WhatsApp Privacy Policy 2021 Explained
WhatsApp has clarified, your private messages will be completely secure

WhatsApp privacy policy explained

A new data policy has been implemented by WhatsApp. Users have been given a deadline to accept this privacy policy before 8 February 2021. After this, the account of users who do not accept the privacy policy will be deleted. The company directly says that either share your information or delete the account. But after all, what is the information of the users, who wants to get from WhatsApp users and as a user whether you need to panic or not, then the answer is that you absolutely need to panic. But one aspect of this is that free apps are not really free, then indirectly make money from your data. If you want to keep your data secure, then you should pay. In such a situation, let’s know what data is accessed by WhatsApp of its users and with whom it shares this data.

Let us know that WhatsApp app is a subsidiary of Facebook group and Instagram is also a subsidiary of WhatsApp. In such a situation, WhatsApp will share the user’s data with all its subsidiaries. Also, some third party apps will also share WhatsApp user data. This includes CrowdTangle, Onavo and some online payment services.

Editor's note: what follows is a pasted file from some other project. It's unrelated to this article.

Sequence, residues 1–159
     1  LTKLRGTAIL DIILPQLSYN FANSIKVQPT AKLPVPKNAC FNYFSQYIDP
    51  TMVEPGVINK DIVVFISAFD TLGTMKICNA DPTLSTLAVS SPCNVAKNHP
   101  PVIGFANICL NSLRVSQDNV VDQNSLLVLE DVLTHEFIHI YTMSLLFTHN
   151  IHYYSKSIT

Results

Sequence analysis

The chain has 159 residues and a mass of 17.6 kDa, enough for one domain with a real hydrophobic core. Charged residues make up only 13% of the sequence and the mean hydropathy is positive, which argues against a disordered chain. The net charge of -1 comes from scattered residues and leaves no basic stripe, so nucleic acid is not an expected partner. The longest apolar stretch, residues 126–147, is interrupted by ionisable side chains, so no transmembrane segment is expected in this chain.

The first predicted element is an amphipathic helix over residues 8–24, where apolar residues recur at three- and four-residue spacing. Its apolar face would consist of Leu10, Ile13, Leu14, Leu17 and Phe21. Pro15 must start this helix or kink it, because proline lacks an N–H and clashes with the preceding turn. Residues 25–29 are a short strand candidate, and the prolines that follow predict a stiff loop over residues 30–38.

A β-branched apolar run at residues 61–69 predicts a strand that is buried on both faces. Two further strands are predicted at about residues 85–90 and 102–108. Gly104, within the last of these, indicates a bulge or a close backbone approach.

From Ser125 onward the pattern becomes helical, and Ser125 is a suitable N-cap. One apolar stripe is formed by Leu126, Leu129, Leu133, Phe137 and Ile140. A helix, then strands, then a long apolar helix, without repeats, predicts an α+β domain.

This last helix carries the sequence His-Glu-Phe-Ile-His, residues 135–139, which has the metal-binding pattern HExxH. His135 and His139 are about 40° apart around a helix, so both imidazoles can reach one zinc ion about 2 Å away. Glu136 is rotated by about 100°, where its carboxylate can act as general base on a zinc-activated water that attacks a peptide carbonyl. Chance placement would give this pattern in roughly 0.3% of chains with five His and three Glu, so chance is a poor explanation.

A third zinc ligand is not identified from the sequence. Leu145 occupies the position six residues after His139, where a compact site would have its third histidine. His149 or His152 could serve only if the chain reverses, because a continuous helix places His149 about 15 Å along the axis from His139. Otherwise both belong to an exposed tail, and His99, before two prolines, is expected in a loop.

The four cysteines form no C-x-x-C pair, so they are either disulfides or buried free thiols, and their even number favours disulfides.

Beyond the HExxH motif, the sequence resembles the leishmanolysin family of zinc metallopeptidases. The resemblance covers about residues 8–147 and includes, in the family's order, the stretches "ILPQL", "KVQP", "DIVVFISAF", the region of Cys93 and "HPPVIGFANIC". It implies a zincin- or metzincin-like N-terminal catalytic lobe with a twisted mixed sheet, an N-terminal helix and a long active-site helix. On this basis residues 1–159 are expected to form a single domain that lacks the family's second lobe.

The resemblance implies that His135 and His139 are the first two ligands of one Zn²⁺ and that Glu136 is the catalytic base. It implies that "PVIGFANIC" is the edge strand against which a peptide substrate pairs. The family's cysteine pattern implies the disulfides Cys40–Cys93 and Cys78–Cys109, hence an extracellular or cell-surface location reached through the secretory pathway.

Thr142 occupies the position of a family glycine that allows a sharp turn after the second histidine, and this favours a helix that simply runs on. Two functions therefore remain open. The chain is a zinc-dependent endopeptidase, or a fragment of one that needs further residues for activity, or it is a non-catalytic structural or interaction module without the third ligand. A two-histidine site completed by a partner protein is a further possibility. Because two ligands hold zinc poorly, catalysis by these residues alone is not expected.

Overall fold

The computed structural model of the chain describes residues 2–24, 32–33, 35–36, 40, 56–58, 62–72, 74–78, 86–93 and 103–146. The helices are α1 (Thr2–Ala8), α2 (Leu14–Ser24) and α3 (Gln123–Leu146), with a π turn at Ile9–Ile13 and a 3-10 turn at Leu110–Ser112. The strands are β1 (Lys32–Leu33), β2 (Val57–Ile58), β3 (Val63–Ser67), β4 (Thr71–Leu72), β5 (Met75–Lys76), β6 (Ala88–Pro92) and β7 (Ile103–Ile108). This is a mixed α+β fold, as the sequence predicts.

There will be huge revenue from data

Data is currently being called oil. This means that there is a huge earning on the basis of data. The Facebook company earns heavily on the data of its subsidiary WhatsApp. Also, the company gets easier in marketing. This data is earned directly by sharing it to the third party. WhatsApp stores the complete information of what you are searching on your phone and phones.

Which information will be accessed

mobile number
Bank detail
Device location
device ID
Transaction id
Personal chat
Video
Image
Call recording

WhatsApp privacy messages

The app has one big privacy protection, end-to-end encryption, which means no one can read the content of a message other than you and the person who receives it. Even so, if you’re a WhatsApp user, you may be sharing more information than you realize with your contacts—or anyone with your phone number. WhatsApp has clarified, your private messages will be completely secure

Signal left popular messaging app WhatsApp behind, becomes India’s top free app

Will WhatsApp share your messages with Facebook?
No. The privacy policy does not change the way WhatsApp treats personal chats. WhatsApp remains end-to-end encrypted — no third party can read them. In a statement, WhatsApp said: “The update does not change WhatsApp’s data sharing practices with Facebook and does not impact how people communicate privately with friends or family… WhatsApp remains deeply committed to protecting people’s privacy.”

What data will WhatsApp share with Facebook?
Data exchange with Facebook is in fact, already taking place. While users in the European Union can opt out of data-sharing with Facebook, the rest of the world does not have the same choice.